Colorado, Washington legalize recreational pot

Back to Article
Back to Article

Colorado, Washington legalize recreational pot

Photo courtesy of flickr

Photo courtesy of flickr

Photo courtesy of flickr

By Greer Smith and Danny Gordon

Hang on for a minute...we're trying to find some more stories you might like.


Email This Story






In the Nov. 6 election, citizens took to the polls to elect our nation’s leaders and decide on some pressing referendums. Through the voting process, Colorado and Washington became the first states to legalize the distribution of recreational marijuana. The rest of the country should follow suit.

The two state laws are not exactly the same in terms of what they allow and how marijuana taxes will be spent, but both are trying to make good marijuana.

According to The Colorodoan, the state plans on exacting a 15 percent tax on marijuana sales. This is projected to generate more than $32 million in state revenue, not including the more than $14 million for local governments. It will also save more than $12 million on law enforcement. Much of this revenue will benefit local public schools, funneling $24 million towards rebuilding and improving schools.

According to CNN, Washington is legalizing marijuana to jump-start the conversation about legalizing it nationally and to educate people about marijuana and its effects, both positive and negative.

Both states are using the drug in a positive way, whether to improve the state economy, reduce illegal activity or allow people the right to have it while being educated about it.

Marijuana has a bad reputation because it is a drug, but in reality it is no more harmful than alcohol—in fact, it is safer.

According to Saferchoice.org, marijuana is safer for the consumer and the community.

The Center for Disease Control (CDC) reports over 37,000 alcohol-related deaths in the U.S. A category for marijuana-related deaths does not even exist. Also, there are no recorded incidents of marijuana overdose, a persistent problem with alcohol. Marijuana is not linked to violent behavior; alcohol is. At worst, marijuana creates physiological dependency; alcohol is physically addictive.

Alcohol has caused problems since America’s birth, but the strong desire for alcohol makes it too profitable to outlaw. Marijuana is shipped with truly harmful drugs, though its health risks are lower than alcohol. If legalized nationally, like alcohol, it could be very profitable to the U.S. economy.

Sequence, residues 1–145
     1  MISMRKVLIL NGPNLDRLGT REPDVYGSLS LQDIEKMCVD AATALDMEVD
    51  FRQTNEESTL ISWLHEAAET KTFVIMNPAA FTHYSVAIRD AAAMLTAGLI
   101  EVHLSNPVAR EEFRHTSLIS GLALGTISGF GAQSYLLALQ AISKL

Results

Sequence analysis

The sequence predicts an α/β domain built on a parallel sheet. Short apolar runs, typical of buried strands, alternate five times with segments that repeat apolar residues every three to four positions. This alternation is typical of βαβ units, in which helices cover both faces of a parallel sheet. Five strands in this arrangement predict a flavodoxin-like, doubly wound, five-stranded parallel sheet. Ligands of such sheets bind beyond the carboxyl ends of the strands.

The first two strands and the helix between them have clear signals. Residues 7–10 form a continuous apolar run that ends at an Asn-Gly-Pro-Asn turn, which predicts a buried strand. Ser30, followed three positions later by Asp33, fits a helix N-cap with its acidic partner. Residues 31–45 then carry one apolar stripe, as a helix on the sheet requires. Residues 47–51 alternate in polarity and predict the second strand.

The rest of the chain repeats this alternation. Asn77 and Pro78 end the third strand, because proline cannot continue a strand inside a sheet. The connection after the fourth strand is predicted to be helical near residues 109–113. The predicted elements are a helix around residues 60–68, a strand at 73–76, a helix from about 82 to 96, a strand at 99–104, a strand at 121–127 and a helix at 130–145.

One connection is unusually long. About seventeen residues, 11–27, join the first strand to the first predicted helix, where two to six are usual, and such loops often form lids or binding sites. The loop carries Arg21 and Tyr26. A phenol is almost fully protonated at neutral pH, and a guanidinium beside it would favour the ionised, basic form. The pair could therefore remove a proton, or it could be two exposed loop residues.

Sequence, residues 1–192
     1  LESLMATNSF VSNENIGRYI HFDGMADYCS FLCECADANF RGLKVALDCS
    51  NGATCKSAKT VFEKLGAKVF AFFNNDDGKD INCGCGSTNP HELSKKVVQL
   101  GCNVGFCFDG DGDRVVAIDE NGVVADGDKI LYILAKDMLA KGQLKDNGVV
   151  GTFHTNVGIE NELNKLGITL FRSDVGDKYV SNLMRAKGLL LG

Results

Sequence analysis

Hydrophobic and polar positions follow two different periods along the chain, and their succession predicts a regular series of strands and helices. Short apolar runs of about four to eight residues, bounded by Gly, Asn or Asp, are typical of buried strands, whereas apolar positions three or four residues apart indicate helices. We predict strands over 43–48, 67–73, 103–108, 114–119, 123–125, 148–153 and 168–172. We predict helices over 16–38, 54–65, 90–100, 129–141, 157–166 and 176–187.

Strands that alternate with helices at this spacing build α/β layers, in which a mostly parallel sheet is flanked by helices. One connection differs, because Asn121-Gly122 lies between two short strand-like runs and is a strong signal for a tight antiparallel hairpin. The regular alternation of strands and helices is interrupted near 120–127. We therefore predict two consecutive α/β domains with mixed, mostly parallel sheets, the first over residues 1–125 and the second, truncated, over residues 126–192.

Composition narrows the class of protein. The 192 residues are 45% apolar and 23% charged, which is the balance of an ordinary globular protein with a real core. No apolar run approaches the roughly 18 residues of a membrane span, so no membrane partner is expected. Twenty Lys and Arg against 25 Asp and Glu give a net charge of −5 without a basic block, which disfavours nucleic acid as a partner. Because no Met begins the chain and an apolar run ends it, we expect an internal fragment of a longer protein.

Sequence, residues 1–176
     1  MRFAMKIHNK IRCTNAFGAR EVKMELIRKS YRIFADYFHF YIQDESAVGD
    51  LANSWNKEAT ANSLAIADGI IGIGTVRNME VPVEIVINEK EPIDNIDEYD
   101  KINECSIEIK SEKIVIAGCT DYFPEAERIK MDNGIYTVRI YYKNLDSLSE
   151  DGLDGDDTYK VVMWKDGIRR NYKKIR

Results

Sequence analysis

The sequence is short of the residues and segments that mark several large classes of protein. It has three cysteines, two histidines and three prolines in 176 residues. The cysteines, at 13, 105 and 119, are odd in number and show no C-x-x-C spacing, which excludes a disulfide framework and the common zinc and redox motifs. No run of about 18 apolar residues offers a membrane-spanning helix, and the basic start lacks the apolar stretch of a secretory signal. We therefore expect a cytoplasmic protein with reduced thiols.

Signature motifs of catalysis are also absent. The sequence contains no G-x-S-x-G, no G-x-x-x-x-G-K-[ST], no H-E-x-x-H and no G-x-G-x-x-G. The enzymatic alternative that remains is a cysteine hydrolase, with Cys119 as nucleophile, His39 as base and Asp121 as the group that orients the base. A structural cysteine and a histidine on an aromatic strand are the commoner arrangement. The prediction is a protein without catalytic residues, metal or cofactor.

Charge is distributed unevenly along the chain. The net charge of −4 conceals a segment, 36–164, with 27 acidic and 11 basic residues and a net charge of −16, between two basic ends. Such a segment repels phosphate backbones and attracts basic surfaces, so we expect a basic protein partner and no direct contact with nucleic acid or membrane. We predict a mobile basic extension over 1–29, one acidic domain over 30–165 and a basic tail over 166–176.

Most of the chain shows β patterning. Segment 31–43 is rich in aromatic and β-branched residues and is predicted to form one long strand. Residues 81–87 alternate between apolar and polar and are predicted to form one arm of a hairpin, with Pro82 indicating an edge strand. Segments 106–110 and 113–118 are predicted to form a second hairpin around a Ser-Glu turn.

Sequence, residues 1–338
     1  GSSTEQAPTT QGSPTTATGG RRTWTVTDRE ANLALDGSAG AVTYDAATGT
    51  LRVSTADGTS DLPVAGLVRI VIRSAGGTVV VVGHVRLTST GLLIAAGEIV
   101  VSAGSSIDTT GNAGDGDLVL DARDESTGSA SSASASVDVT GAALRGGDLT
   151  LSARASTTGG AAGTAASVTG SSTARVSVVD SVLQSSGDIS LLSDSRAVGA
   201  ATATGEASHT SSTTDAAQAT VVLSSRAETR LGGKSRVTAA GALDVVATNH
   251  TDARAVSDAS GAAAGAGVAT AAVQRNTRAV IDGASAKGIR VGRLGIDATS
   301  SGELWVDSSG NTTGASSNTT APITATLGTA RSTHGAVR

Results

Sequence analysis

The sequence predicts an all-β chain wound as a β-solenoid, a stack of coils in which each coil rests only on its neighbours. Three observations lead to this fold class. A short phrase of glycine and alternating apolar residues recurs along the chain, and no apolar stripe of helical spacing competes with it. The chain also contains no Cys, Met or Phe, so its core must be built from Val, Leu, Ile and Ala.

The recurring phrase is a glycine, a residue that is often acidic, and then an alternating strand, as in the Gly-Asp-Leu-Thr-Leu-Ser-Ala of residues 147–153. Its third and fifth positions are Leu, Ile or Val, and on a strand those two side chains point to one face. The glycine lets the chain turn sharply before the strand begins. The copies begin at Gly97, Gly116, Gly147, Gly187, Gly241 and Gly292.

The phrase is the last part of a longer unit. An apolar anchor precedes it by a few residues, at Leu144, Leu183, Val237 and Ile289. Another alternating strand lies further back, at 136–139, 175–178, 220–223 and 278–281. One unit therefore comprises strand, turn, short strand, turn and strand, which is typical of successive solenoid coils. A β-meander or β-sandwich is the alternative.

According to The Huffington Post, enforcing marijuana prohibition costs taxpayers $41.8 billion a year. An additional $1 billion a year is spent on inmates in jail for marijuana-related incarcerations in U.S. prisons. Black-market marijuana is a $36 billion industry, and the legal marijuana industry is predicted to be nearly three times that amount.

Legalizing recreational marijuana would create jobs and revenue that would allow taxpayer money to be spent on other things, such as education. It is argued that legalizing marijuana would be detrimental to education, but this is not the case.

Legalizing marijuana would expose more students to the drug, but would not impede their education or distract them. Just because alcohol is legal does not mean everyone is drunk; marijuana use is the same. Also, the 21-year old smoking age will prevent high schoolers from having access to the drug. Marijuana, though illegal by federal law, is not difficult to obtain.

Of course, it is not true that marijuana has no negative effects.

According to Teengrowth.com, it has been shown to cause chest illness and coughing, in some cases memory loss and a higher risk of heart attack. However, it is most detrimental if it is used often over a long period of time.

Marijuana, like most substances, can be dangerous if abused, but if used in moderation, it is just a way to enjoy life on a different spectrum. By legalizing marijuana, people have the freedom to enjoy it as well as its numerous benefits to the economy. Not only was legalization a good idea in Colorado and Washington, but it is a good idea for the nation as a whole.